Romhacking.net

Romhacking => ROM Hacking Discussion => Topic started by: RetroRain on September 21, 2015, 06:48:56 pm

Title: A couple of 6502 ASM questions pertaining to opcodes
Post by: RetroRain on September 21, 2015, 06:48:56 pm
When you Transfer Accumulator to X (TAX), is the value that you transferred to X still in the accumulator?  And if not, what is in it?

Also, when you Push the Accumulator to Stack (PHA), same question.  When you put the value on the stack, what is then in the Accumulator?

I'm not sure if when you Transfer or Push or Pull, if it's simply copying the value to that destination, or transferring it, making the accumulator a previous value or something else.

And when you Push or Pull to/from the Stack, does it start at the end of the stack ($1FF), or at the beginning?  Because I noticed that when I use the earlier stack addresses ($100 - $10F for instance), that in some of the hacks I did, those earlier stack addresses are never used.

Thank you for your time.
Title: Re: A couple of 6502 ASM questions pertaining to opcodes
Post by: Disch on September 21, 2015, 07:53:58 pm
When you Transfer Accumulator to X (TAX), is the value that you transferred to X still in the accumulator?

Yes

Quote
Also, when you Push the Accumulator to Stack (PHA), same question.  When you put the value on the stack, what is then in the Accumulator?

A does not change when you push it.  Nor does status change when you PHP it.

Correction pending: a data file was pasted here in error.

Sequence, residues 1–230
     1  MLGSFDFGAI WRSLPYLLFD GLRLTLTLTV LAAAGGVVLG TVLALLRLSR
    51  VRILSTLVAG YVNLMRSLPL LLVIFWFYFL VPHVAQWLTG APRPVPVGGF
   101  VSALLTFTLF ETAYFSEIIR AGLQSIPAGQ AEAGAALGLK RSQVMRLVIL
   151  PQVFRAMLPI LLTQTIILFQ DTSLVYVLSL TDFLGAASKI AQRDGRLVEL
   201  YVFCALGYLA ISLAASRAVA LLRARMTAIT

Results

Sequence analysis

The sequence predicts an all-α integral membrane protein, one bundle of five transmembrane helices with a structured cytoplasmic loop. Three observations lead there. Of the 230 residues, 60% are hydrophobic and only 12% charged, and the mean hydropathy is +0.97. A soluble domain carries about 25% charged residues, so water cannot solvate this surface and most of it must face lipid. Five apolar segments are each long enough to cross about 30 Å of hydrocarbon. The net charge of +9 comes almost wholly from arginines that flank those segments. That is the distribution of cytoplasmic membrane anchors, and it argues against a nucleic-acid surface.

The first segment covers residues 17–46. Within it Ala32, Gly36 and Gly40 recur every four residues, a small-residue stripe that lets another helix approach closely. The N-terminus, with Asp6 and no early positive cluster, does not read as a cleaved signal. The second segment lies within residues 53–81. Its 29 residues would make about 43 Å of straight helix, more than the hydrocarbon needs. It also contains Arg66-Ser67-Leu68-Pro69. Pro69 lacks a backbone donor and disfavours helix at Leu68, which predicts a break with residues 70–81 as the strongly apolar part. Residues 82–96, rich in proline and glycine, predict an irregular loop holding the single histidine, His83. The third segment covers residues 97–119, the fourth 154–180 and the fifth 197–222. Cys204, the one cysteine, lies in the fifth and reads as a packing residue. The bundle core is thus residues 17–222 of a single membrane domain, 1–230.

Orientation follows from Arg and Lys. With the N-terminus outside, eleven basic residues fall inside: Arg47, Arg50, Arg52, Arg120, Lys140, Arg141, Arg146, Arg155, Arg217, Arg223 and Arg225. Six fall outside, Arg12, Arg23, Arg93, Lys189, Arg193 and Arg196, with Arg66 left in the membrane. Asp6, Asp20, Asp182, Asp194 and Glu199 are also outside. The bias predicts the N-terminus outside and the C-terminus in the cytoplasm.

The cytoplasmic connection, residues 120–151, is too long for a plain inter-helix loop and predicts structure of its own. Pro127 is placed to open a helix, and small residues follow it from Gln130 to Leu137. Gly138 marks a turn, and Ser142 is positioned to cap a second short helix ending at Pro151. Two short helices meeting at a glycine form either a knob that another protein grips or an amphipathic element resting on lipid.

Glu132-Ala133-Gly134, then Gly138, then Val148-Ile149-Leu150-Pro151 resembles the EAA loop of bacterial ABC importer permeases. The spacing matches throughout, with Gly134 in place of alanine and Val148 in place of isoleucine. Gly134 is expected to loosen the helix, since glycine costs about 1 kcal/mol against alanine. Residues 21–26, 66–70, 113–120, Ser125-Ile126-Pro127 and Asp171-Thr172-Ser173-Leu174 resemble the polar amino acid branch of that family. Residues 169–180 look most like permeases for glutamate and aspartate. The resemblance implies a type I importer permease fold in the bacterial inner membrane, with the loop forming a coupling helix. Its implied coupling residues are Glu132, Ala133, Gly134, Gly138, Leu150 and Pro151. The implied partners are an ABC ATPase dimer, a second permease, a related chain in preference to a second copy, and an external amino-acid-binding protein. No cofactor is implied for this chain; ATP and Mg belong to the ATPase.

Quote
I'm not sure if when you Transfer or Push or Pull, if it's simply copying the value to that destination, or transferring it, making the accumulator a previous value or something else.

It's always a copy.

Quote
And when you Push or Pull to/from the Stack, does it start at the end of the stack ($1FF), or at the beginning?  Because I noticed that when I use the earlier stack addresses ($100 - $10F for instance), that in some of the hacks I did, those earlier stack addresses are never used.

The stack grows down.  Typically this means that $01FF is the bottom of the stack, and each value preceding it is one space higher.  You can think of the stack as being "upside-down".  It's a bit confusing, but it makes sense because it makes indexing easier:

Code: [Select]
TSX  ; put stack pointer in X
LDA $0101,X  ; get value at top of stack
LDA $0102,X  ; get value in 2nd position

As you can see in this example, the lower X/S are, the more has been pushed to the stack.

Typically games will reset SP to $FF in their startup code, making the stack start at $01FF
Title: Re: A couple of 6502 ASM questions pertaining to opcodes
Post by: RetroRain on September 21, 2015, 09:00:59 pm
Thanks Disch!  As usual, your expertise is welcomed and appreciated. :)
Title: Re: A couple of 6502 ASM questions pertaining to opcodes
Post by: Dr. Floppy on September 22, 2015, 02:38:09 am
As Mr. Disch stated, "Transfer" is more accurately thought of as "Copy". (Fortunately, "Shift" and "Rotate" are exactly what they impart.)

One more thing to watch out for- the TXS/TSX commands are not X-reg's special versions of PHA/PLA. TXS defines the low-byte of the Stack Pointer (the high byte is always #01) as whatever value is in X-reg at that time (X-reg is unaffected). TSX places the Stack Pointer's current low-byte into X-reg (both the Stack Pointer and the Stack itself are unaffected).

This is why A2-FF-9A is so prevalent in NES Initialization routines (usually right after 78-D8). It defines the Stack Pointer as $01FF, allowing it to grow downward ($1FE, $1FD, $1FC, etc.) from there.
Title: Re: A couple of 6502 ASM questions pertaining to opcodes
Post by: STARWIN on September 22, 2015, 11:07:40 am
blurp never mind .. you can also think of SP as a one byte pointer, given that it always refers to page 01 in the address space.